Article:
Generating fanbase is key, but throughout history hockey has shown itself to be incapable of doing so, unlike baseball, football, or basketball, which have equally storied (perhaps less) histories. Burke brings up a great point about barriers of entry, and perhaps that’s the reason why the NHL is doing so poorly – perhaps the only way to create a sustaining American fanbase is to have a long-term project where hockey really opens its doors to younger kids – a grassroots program, even if it’s not hockey related. The NBA has an excellent social program for kids (NBA Cares) that isn’t rivaled by the MLB or NFL. Heck, the NHL even has a trophy to recognize outstanding leadership off and on the ice. Why not promote that a bit more? All the NHL needs to do is to get the game out there, and the fans will come. Let the fans decide what they want to see, not Bettman and his happy little group of cohorts.

    European-sized rinks were brought up as a major point to increase scoring, but it’s been noted that hockey in bigger rinks actually promote more defense than offense. A lot of teams generate offense from their defense, and a bigger ice surface means that defensemen will have to cover more ice should they wish to pinch. A lot of teams stopped doing that because it creates too many odd-man rushes and the risk simply just doesn’t pay off often enough. I think defensive hockey is just an inevitable part of the game and no matter what sort of adjustments the league tries to make, it will never be good enough.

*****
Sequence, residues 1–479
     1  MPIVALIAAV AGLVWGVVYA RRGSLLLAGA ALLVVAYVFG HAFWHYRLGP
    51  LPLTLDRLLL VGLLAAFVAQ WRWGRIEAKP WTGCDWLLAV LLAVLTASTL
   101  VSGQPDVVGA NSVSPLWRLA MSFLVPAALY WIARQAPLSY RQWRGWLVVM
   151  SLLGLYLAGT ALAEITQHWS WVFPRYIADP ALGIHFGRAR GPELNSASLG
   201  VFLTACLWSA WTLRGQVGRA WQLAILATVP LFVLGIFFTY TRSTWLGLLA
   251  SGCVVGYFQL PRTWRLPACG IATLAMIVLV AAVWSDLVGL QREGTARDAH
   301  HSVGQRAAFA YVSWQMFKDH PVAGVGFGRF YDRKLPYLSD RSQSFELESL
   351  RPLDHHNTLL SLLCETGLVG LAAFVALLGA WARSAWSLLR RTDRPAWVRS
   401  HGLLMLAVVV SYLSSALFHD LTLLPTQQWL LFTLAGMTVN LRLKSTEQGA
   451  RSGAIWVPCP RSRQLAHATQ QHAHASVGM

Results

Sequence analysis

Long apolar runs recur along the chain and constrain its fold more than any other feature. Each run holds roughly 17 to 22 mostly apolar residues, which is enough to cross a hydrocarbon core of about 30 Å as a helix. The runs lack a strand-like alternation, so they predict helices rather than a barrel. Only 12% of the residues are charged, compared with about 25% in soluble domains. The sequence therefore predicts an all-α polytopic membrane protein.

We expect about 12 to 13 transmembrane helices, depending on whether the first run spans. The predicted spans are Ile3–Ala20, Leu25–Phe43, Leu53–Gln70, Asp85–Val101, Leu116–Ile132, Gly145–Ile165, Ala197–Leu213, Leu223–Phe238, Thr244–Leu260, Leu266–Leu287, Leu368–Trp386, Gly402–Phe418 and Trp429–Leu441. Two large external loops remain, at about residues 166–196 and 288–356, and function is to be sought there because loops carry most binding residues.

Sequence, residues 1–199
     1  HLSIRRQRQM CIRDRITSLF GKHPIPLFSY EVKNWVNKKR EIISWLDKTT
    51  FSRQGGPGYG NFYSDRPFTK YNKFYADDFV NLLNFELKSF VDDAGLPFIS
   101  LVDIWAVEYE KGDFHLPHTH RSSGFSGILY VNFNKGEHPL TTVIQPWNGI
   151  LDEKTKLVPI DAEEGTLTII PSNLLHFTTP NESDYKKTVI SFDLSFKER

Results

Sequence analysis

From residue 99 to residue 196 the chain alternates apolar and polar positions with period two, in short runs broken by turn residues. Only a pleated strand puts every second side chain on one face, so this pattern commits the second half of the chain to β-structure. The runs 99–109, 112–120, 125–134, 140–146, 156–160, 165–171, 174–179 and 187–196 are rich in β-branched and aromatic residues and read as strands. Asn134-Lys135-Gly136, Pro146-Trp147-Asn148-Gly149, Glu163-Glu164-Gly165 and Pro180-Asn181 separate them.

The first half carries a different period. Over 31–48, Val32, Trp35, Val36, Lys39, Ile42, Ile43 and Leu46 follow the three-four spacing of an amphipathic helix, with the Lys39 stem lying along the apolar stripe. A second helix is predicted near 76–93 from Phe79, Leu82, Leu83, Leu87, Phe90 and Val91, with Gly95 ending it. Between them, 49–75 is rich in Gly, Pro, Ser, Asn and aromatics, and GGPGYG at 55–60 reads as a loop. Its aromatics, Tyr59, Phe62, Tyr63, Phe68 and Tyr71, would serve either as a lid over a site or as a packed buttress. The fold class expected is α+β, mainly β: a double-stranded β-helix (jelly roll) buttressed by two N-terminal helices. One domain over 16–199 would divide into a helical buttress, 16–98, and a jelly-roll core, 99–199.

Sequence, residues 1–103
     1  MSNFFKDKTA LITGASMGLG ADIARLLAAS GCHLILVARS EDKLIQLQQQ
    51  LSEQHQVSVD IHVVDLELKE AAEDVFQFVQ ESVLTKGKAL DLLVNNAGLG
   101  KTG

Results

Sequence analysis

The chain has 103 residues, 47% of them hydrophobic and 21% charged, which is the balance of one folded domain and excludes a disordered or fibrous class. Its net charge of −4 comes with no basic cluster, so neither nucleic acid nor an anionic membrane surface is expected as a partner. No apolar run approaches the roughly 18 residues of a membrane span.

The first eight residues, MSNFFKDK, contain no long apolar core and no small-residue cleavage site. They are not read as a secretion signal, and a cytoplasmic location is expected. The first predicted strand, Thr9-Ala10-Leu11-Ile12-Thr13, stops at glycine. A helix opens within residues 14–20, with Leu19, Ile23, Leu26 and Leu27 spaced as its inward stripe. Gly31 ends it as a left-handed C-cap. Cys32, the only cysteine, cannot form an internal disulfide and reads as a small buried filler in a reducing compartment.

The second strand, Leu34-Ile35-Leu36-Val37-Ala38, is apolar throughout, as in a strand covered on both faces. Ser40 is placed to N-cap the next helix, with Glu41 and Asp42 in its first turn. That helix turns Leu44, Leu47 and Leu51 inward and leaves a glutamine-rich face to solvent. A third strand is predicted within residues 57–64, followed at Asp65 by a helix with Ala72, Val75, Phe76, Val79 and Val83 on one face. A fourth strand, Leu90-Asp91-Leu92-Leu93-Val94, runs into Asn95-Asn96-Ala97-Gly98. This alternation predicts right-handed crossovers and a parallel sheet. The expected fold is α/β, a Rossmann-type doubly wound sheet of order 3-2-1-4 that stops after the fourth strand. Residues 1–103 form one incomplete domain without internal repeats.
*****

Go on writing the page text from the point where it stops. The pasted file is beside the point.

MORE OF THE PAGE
4.  

    David, I disagree with your comment.
    parity is far less in the NFL than in other leagues

    Take a look at this article.
    http://www.usatoday.com/sports/columnist/lopresti/2007-09-05-lopresti-nfl_N.htm

    Now I’ll expand his number to hockey
    NFL 27 of 32 made the playoffs over last 5 years.
    NHL 26 of 30 made the playoffs over last 5 years.

    Add to that, that it is harder to make the playoffs in the NFL because only 12 make it as to our 16 in hockey. So the NFL saw 27 teams make the 60 playoffs spot for those years. A turn over of 45%, where as the NHL saw 26 teams make 80 spots for a turn over of 32.5% per spot. I’d say parity in the NFL is better than the NHL. Also think of the fact the NHL went to the NFL before the lock-out to discuss CBA’s, parity and marketing.

  5.  

    Neal, last year the NFL had a 16-0 team, and three more 13-3 teams which equates to a 0.813 winning percentage. Can you imagine a hockey team with a 0.823 winning percentage? That would equate to 133 points. How often has an NHL team gotten 133 points in a season let along four of them doing so in the same season. That is not parity sorry. In the NFL there are a number of games every week where you can predict the winner with almost certainty. That isn’t parity.

    I think you are mixing up parity with the ability to rebuild your teams quickly. You can do that in the NFL more than any other league but that isn’t really parity.

  6.  

    We are treading in the apples to oranges category. An NFL team gets hot for 8 games and their season is in good shape. Getting hot for 8 games in the NHL gives you nothing.

    NFL parity does consist of the quick rebuild, the hard cap and the overall numbers. Besides the on field you have the off field where it looks even better than the NHL. You don’t see a Blues or Blackhawks type franchise drawing crappy turns out.

    The NFL has about a 40% attendance difference between best and worst drawing teams, the NHL has about a 75% between the same best and worst. That right there is a huge problem.

    So for all teams to be on almost equal ground in the NHL you would need to fold about 10 teams.